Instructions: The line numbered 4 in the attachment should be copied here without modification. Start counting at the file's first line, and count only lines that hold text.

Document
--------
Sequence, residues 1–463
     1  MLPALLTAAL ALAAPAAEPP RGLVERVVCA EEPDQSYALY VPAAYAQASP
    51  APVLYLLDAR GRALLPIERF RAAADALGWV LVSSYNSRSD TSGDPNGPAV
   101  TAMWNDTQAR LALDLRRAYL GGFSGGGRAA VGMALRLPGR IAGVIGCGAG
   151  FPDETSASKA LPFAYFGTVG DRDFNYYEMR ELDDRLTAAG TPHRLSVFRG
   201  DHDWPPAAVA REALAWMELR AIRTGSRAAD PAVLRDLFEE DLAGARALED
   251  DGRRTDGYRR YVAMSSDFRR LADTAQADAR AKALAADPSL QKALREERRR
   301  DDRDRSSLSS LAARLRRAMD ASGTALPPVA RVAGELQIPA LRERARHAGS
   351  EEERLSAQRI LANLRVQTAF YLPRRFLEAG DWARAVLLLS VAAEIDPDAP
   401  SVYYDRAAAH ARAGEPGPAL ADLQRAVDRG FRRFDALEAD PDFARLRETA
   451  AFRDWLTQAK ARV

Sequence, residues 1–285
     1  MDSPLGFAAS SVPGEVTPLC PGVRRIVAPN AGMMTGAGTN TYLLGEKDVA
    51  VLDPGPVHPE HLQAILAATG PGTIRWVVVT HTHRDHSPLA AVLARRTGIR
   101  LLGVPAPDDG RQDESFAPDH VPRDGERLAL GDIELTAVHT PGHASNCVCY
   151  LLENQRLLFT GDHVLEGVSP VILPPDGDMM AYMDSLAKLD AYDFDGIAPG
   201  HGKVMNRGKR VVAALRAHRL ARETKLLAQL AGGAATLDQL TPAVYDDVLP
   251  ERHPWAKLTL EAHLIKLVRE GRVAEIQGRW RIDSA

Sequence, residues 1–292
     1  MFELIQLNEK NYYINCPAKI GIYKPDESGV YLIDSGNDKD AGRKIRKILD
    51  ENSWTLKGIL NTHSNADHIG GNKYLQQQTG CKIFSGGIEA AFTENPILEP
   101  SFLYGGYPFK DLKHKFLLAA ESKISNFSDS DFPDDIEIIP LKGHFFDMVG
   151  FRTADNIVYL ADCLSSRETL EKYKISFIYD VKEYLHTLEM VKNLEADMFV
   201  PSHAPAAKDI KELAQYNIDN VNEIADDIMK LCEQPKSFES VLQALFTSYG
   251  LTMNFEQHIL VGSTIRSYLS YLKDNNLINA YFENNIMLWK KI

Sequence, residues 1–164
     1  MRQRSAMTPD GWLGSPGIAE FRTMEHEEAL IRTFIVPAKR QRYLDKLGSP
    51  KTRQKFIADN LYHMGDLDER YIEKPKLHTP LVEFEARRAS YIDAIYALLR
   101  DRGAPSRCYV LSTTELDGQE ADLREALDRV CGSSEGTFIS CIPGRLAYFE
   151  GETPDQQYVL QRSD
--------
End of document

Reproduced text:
   101  TAMWNDTQAR LALDLRRAYL GGFSGGGRAA VGMALRLPGR IAGVIGCGAG